• Brace: Using a brace over the back of your forearm may be recommended to relieve symptoms. This allows the muscles and tendons to rest.
  • Steroid injections: Steriods can be injected in the painful area to relieve pain and swelling.
  • Check your equipment: If a racquet sport played a role in your tennis elbow, your doctor may want to get your equipment checked. If your racquet is not a proper fit this can cause stress on your forearm.

 

Surgical Treatment

If your tennis elbow symptoms do not change after 6 to 12 months on nonsurgical treatment, your doctor may recommend surgery. The right surgical approach will vary per patient.

 

Meet The Specialists

 

Michael T. Ellerbusch, M.D.

Michael T. Ellerbusch, M.D.

Dr. Ellerbusch received his bachelor’s degree in Biology Pre-Medicine and Chemistry from Murray State University in Murray, Kentucky. While there, he was named a USA Today Academic All-American. He also received the Outstanding Senior Man Award and served as the commencement speaker at the graduation ceremony. He attended medical school at Southern Illinois University School of Medicine in Springfield, Illinois, where he graduated with high honors.

After graduation, he moved to Birmingham, Alabama where he performed one year of residency in Internal Medicine and then completed an additional three years in Physical Medicine and Rehabilitation at the University of Alabama at Birmingham. He served as the Chief Resident during his final year at UAB. He then completed a subspecialty fellowship in Sports Medicine at the Alabama Sports Medicine and Orthopaedic Clinic. After completing his fellowship in 2001, he practiced at the Alabama Orthopaedic and Spine Center of Tuscaloosa. He served as the Medical Director for the Athletic Program at Shelton State Community College as well as serving as Team Physician for multiple high schools in the Tuscaloosa area.

Dr. Ellerbusch joined the practice of Southlake Orthopaedics in 2005. He currently serves as Team Physician for Hoover High School and the associated middle schools. He is currently triple board certified in Physical Medicine and Rehabilitation, Sports Medicine and Electrodiagnostic Medicine. He enjoys seeing a variety of patients for non-surgical treatment, especially in the area of Sports Medicine. He also performs his own electromyograms and nerve conduction studies commonly used in the diagnosis of carpel tunnel syndrome and other nerve entrapments. In addition, he frequently lectures in the areas of non-operative treatment of musculoskeletal injuries, sports medicine, osteoarthritis, nerve conduction studies and electromyography. On a personal level, he enjoys participating in athletics including basketball and golf. He also is active in coaching his son and daughter in various sporting activities in the community. In addition, he is very active at Cahaba Heights Church of Christ where he serves as a deacon.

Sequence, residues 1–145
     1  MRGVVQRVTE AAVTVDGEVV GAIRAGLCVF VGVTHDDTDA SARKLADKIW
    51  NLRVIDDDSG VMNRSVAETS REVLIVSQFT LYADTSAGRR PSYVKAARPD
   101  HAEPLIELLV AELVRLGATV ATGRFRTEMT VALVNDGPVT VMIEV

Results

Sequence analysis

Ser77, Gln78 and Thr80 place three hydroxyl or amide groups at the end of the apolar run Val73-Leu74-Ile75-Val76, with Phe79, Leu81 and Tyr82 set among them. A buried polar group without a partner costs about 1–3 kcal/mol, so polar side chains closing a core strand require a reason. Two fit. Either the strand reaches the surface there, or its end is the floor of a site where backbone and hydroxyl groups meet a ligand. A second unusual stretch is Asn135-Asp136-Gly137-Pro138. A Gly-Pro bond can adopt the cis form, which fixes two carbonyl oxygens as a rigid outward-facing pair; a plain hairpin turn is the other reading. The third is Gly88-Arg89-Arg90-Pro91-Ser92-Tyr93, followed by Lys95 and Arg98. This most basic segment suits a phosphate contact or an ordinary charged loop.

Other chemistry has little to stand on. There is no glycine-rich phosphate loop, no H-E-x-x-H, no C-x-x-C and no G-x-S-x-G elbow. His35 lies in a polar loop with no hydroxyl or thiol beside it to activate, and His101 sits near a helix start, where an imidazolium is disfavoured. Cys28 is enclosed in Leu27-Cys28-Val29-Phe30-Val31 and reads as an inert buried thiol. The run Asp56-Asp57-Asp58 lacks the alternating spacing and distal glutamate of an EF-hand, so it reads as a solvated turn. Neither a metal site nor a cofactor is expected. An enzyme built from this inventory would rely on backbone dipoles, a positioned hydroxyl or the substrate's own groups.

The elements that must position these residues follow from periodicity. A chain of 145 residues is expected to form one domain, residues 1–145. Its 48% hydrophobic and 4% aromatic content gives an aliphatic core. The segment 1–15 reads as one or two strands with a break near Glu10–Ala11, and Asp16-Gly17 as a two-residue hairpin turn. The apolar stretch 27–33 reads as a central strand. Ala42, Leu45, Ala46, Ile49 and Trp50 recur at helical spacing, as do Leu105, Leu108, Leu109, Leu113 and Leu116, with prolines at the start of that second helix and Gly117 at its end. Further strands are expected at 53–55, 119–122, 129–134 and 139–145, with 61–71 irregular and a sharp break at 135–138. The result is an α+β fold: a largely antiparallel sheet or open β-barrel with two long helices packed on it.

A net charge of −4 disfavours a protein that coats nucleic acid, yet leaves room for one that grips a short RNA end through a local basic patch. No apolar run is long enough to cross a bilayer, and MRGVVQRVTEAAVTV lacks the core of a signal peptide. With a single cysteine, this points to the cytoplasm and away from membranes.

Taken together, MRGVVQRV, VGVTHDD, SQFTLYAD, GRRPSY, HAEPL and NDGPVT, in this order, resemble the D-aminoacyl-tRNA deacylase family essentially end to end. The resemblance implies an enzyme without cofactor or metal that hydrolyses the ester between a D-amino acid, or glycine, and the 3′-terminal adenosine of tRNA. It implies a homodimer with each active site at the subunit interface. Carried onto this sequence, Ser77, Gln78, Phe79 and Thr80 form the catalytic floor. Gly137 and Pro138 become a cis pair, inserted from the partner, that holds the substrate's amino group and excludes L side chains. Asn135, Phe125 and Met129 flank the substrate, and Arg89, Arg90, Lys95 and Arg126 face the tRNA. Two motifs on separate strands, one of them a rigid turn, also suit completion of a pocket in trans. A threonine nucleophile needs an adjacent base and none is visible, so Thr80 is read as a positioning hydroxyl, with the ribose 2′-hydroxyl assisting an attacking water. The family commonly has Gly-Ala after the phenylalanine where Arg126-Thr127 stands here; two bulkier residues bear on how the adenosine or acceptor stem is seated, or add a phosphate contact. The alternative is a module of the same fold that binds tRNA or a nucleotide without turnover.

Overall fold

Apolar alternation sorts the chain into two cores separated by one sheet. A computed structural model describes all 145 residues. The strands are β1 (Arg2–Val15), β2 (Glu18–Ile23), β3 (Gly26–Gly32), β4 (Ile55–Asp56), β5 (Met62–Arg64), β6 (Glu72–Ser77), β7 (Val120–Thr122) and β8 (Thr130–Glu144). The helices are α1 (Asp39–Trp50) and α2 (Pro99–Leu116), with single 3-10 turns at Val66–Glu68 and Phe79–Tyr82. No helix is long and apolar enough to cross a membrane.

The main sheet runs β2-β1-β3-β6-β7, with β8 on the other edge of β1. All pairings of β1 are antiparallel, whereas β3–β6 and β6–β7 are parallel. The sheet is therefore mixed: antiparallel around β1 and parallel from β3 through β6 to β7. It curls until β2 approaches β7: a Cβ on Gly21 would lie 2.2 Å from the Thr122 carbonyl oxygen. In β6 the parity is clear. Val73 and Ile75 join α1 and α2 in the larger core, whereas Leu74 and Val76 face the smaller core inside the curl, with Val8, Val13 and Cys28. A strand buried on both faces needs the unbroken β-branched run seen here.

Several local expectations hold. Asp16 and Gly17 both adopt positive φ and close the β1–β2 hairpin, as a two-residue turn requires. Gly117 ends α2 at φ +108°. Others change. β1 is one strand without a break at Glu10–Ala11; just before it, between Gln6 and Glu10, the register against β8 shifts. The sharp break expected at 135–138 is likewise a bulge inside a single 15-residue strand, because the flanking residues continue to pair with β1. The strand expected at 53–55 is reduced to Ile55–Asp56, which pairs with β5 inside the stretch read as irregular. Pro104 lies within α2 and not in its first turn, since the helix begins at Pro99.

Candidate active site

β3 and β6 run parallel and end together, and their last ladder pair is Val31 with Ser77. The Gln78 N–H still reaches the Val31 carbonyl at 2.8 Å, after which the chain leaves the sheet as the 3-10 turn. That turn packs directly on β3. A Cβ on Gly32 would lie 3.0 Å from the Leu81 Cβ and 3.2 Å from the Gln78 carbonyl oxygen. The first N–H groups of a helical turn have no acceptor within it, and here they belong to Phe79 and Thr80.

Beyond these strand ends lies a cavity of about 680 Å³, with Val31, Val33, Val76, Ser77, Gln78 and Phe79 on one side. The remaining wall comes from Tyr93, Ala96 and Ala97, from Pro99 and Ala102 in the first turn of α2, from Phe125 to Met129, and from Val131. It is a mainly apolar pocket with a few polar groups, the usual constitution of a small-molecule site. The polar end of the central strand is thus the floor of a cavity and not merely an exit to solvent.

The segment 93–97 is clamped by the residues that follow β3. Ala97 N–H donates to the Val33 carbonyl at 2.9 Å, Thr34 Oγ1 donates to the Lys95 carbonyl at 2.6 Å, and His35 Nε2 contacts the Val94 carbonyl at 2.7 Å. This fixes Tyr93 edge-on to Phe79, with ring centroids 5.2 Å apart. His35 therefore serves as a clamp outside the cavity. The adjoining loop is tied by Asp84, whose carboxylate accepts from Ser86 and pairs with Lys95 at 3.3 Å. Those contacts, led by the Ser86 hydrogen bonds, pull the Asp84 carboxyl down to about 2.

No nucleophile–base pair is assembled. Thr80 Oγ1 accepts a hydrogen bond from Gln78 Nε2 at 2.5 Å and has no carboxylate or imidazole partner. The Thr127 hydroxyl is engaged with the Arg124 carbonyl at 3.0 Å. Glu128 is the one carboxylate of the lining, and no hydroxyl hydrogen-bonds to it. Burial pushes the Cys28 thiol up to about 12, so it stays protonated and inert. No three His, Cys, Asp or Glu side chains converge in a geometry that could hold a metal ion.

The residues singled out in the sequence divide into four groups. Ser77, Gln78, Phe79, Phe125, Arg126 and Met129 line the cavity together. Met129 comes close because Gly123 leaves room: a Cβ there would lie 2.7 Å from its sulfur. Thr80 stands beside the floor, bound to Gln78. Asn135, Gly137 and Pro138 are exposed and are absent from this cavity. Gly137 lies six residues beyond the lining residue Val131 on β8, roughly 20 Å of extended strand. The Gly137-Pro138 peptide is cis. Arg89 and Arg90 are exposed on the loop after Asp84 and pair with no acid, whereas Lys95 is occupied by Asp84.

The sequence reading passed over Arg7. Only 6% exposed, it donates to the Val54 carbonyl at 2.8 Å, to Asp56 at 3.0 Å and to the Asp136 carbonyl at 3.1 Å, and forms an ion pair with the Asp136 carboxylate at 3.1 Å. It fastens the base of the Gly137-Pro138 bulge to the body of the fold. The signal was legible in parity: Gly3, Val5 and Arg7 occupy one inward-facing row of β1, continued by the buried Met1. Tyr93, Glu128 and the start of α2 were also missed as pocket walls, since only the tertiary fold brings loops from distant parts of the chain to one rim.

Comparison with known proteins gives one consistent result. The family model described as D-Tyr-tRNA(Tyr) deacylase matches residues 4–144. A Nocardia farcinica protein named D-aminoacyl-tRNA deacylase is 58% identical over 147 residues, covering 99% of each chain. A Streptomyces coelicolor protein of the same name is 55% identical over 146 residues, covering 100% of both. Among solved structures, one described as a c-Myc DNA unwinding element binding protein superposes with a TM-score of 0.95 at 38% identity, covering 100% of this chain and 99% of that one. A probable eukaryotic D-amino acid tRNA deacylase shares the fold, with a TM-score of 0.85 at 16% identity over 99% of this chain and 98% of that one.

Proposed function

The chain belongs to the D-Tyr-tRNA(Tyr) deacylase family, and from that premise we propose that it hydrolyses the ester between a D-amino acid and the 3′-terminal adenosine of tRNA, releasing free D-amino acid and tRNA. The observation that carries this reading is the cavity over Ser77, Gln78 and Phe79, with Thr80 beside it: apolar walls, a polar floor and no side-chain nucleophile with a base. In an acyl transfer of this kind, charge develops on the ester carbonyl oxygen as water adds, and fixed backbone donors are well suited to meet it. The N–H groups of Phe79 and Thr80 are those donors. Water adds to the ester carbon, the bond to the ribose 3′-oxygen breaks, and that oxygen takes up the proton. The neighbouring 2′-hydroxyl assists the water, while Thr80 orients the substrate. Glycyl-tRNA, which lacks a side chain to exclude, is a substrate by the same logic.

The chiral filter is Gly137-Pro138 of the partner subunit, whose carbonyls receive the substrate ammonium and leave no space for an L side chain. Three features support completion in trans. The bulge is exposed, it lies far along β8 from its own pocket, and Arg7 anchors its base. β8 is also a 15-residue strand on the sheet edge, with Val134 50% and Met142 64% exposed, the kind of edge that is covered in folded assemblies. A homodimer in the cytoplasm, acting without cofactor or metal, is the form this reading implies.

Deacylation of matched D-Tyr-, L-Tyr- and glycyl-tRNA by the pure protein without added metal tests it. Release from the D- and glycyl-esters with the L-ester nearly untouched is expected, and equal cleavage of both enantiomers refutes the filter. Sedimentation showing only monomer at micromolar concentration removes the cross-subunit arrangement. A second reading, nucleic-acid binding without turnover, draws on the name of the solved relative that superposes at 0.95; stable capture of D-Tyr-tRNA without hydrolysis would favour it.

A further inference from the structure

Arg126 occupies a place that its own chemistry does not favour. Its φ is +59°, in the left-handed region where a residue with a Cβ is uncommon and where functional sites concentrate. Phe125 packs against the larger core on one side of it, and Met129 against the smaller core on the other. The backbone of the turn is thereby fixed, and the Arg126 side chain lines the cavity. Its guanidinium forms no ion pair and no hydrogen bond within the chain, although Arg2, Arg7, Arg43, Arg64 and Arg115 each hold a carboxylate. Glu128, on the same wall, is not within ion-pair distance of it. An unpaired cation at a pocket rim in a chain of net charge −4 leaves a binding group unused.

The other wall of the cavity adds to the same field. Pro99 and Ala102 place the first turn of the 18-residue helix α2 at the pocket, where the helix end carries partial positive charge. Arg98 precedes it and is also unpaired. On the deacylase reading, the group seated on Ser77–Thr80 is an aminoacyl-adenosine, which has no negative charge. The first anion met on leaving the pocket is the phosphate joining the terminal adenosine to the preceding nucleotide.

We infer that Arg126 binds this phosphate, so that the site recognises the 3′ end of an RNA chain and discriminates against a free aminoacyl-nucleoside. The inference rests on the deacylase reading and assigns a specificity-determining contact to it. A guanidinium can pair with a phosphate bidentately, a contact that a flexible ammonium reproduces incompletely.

Ekkehard Bonatz, M.D., Ph.D.

Ekkehard Bonatz, M.D., Ph.D.

Ekkehard Bonatz, M.D., was born in Wernigerode, Germany. Dr. Bonatz graduated from the Hannover Medical School with a Medical Degree. He completed his orthopaedic surgery residency at the University of Alabama at Birmingham. Dr. Bonatz completed his fellowship in Hand and Microsurgery at UAB. Dr. Bonatz then volunteered for the U.S. Army as an officer in the Medical Corps at Fort Sam Houston, Texas, where he was acting Chief of Hand Surgery. He then joined the faculty at the University of Alabama Department of Surgery in Birmingham in the Hand and Microsurgery Program, eventually becoming an Associate Professor, Division of Orthopaedic Surgery. Subsequently Dr. Bonatz entered private practice at Southlake Orthopaedics Sports Medicine and Spine Center. His practice is geared primarily to elbow, wrist, and hand problems.

Michael D. Smith, M.D.

Michael D. Smith, M.D.

Dr. Michael Smith is very excited about the opportunity to return to his hometown and practice orthopedic surgery at Southlake Orthopaedics. Both Dr. Smith and his wife love Birmingham & Hoover, and think it is a great privilege to serve in such a dynamic community. Dr. Smith believes in patient-centered care that is thoughtful and focused on the patient’s goals. As a fellowship trained hand surgeon and upper extremity surgeon, he is happy to provide treatments for ailments related to the shoulder, elbow, hand or microvascular problems.